Mr Flibble is known as The One-Take Penguin on the circuit and deplores any acting errors. On Red Dwarf he spent most of the week moaning. How did things go on the main STUDIO day with the audience?
Another four hours in makeup. You think, ‘I’ll go through it once and it’s finished, but then I had to do it again a day or so later!’ (Laughs) It’s always fun doing things in front of an audience. It changes the dynamic of what you’ve just rehearsed, you’ve really got to concentrate.
The GELF hut where all the bartering was going on was a set adjacent to where the audience were seated. So they couldn’t see that happening live, they had to watch that on a monitor. It worked very well, as far as I remember there were hardly any retakes. The only real hold-ups were for the guy doing the Emohawk. They had to stop and change that so that they could morph between [shots]. I think I remember being asked to do another close-up when he was talking about how beautiful I was, stroking my hair and all that business. That was an insert that got a big laugh.
I got a lovely letter afterwards just before it went out from the producer, Justin [Judd], saying, ‘Thank you very much for coming to play with us, we loved what you did and hope you had a good time. You’ll see that you’ve got the honour of being one of the only other characters in the show to appear in the titles sequence, because it’s usually the main regulars.’ And I thought that that is so nice, that’s an honour.
Mr Flibble smirked – he got into the title sequence, too. Are you comfortable watching yourself?
Well, I wasn’t watching myself was I? I was watching this big hairy thing covered in Latex. I have to say though, a lot of my friends did say when they watched it that they could tell it was me! You could tell by the eyes.
Are you a fan of SCIENCE FICTION?
I did end up as the National Co-ordinator of the Dr. Who Appreciation Society, for about two years. But then I kind of drifted away from working and all the rest of it. An awful lot of work was involved, not just running the society, but being a press liaison and all that kind of thing. So, Star Trek and all the big science fiction movies, I love them!
When I started out in my acting career, in the early eighties, I did do extra work in a couple of Dr. Whos, which was enormous fun because that was my show and to get to be in it and walk around the TARDIS was a big thrill. I played a soldier in Peter Davison’s, last story, and a giant slug in Colin Baker’s first. So that was another covered in costume job, covered in Vaseline! There was no dialogue at all, just slug walking across the background leaving a stench.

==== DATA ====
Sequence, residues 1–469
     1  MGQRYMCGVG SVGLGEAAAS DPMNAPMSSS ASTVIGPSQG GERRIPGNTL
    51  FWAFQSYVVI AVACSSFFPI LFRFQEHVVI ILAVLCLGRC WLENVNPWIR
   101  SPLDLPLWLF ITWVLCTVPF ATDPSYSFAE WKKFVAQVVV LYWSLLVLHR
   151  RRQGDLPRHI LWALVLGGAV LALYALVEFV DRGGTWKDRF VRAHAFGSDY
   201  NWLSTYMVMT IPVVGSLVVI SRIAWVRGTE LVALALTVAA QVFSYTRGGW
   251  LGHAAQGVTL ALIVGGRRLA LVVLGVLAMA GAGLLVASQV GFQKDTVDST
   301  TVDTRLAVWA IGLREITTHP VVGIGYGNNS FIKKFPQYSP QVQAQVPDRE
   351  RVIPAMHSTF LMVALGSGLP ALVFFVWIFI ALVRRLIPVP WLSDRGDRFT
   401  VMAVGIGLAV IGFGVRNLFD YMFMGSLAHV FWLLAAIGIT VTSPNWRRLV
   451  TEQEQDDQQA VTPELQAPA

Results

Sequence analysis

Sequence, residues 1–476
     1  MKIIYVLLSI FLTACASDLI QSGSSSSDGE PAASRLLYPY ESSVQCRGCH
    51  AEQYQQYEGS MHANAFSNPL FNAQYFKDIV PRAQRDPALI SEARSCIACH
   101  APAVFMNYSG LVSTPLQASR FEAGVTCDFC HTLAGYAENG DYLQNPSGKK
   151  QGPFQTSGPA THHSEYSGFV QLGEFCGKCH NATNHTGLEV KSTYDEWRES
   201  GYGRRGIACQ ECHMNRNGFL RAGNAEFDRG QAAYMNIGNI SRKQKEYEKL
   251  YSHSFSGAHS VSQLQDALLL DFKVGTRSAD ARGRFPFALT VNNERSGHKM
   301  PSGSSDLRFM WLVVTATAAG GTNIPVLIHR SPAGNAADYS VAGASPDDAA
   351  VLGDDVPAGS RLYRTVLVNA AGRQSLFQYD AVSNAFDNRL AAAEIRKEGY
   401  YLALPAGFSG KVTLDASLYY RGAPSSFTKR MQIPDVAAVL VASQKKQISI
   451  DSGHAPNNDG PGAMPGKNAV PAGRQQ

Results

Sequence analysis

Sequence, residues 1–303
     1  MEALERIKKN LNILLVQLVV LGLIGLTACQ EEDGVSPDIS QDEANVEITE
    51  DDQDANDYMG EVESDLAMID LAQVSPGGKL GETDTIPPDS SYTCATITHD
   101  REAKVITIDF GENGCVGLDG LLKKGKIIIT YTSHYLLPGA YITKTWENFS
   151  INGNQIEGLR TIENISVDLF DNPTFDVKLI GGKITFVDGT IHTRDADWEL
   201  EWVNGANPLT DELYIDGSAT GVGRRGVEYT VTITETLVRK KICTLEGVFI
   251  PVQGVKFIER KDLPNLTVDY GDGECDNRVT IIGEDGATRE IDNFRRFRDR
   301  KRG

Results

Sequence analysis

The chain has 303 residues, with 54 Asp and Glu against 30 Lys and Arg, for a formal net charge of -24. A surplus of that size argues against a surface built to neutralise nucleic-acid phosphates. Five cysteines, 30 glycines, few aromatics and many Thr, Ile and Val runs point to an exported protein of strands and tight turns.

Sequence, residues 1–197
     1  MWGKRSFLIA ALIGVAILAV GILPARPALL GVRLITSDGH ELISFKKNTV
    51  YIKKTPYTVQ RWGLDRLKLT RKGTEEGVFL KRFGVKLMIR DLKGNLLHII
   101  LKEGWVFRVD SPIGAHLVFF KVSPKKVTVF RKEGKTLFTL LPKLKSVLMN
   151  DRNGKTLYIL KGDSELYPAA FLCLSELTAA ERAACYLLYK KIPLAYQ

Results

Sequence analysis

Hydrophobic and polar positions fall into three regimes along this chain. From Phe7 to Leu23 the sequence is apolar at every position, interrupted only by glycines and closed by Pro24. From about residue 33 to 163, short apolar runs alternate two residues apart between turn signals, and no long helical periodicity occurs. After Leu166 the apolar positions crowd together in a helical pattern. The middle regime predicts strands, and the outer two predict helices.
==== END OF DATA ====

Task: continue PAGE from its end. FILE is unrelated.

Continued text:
I’m still involved with Dr. Who occasionally because of the company Big Finish, who do the audio dramas. I’ve done three Dr. Whos and I’m kind of a regular character in the Bernie Sommerfield spin-offs, Joseph the porter, her little robot friend. He is semi-regular. I’ve done the odd Judge Dredd and other things. So I’m still sort of involved with that side as well, which is a lot of fun, because it’s the same gang and we all have a lot of laughs.
You’ve had parts in most of the main regular TV DRAMA – Doctors, The Bill, Casualty…
Doctors was in the first season, when it was still up at Pebble Mill. Again it was a very short notice job and required a Birmingham accent. It was very quick, just up there for one day and come home again, and the gang were so nice. It was the original crew, but they’ve all moved on. Not a lot of acting involved, it was an overweight man with the doctor telling him to lose weight! (Laughs)
Casualty was last year. It was a character who kept ringing up the ambulance pretending he was ill to get a lift to the hospital because he was going to the social club round the corner. Josh and Comfort turned up with lots of rubber tubes and threatened to give me an enema! (Laughs) It was a very serious episode and I was the light relief.
The Bill is great because it just chews up actors, spits them out and then uses them again! I’ve usually been disreputable characters one way or another. The first one was great because I had a really good interrogation scene with Chris Ellison, Burnside, but that got cut out, which was a shame.
The Bill is great to do because they really know their job down there. It seems chaotic because, likeCasualty, they have two or three units all working at the same time on different episodes. It’s very complicated but it works like clockwork.
What are you doing now?
Not a lot. It’s all very quiet at the moment. Since Red Dwarf I’ve been all over, theatre tours, lots of television, lots of commercials especially for overseas. I had a series last year called, ‘Orrible, for the BBC which didn’t do very well. It did get a DVD release but not a second series which is a shame. Various pilots I’ve done, some of which have worked and some which haven’t. I’m a jobbing actor who just potters along.
Mr Flibble enjoyed talking to Steven Wickham, and now that it’s over… Mr Flibble is very cross.